2. The intermediary, NRP, seems to be conniving, along with City Central Planning, the newly authorized tool of the Near West Design Review, and the Old Brooklyn CDC, to place this project on lower Denison as surreptitiously as possible
a. We still don’t know why this project isn’t being placed up at Memphis School’s vacant site, as originally advertised
b. We still aren’t comfortable with the insider dealings of Abe Bruckman in promoting NRP solely—let’s have a really close look at why Abe is their champion, to the exclusion of all else, and also examine his multiple conflicts of interest, those of his employers, and those of the entities on whose boards he served or serves
c. We aren’t comfortable with the absence of competition
d. We aren’t comfortable with ignoring the substandard performance of existing NRP properties
e. It seems that making the initial deal here is the only goal, and the longer-range impact on the neighborhood is of no concern
f. We still have not vetted NRP’s ethically flawed track record in doing business
g. Just because this sort of money—earmarked for low-income senior housing or chronically homeless money-- is one of the few games left is no reason why we have to have “development” for development’s sake—you don’t look at the pool of available dollars and then try to shoehorn projects in wherever you can. The projects on East 55th Street are an abomination and a neighborhood-killer, as are these on lower Denison. Quite frankly, we’re tired of being sold down the river by our own city and secular nonprofit employees, just to make development deals to justify their existence and bring in revenues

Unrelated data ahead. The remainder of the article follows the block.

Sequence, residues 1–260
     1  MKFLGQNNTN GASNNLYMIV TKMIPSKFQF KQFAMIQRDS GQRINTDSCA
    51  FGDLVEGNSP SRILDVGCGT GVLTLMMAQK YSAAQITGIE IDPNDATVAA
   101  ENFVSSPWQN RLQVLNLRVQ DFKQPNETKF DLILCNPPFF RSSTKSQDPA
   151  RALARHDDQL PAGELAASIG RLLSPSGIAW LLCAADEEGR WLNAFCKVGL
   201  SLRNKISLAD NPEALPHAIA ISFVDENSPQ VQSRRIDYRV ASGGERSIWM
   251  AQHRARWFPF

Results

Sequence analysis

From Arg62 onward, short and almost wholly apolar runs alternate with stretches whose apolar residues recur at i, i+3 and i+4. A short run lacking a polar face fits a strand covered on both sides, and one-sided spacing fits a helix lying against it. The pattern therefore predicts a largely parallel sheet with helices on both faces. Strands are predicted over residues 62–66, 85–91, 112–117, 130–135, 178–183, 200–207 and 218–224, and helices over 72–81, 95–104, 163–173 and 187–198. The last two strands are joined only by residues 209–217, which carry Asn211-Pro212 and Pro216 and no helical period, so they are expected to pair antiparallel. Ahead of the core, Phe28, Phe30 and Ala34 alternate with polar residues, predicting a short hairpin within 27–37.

h. We still haven’t found out how much this helps the income of Near West and OBCDC
i. Reggie, while we’re at it, let’s talk about Ziegler’s recent relocation and expansion in a bad market, and let’s talk about your personal need to make this deal as well. Does Ziegler already have the money for these NRP deals, or does it still have to raise most of it? What is the status of the qualification for the tax credits, because there seemed to be great haste in ramming this Denison portion through in April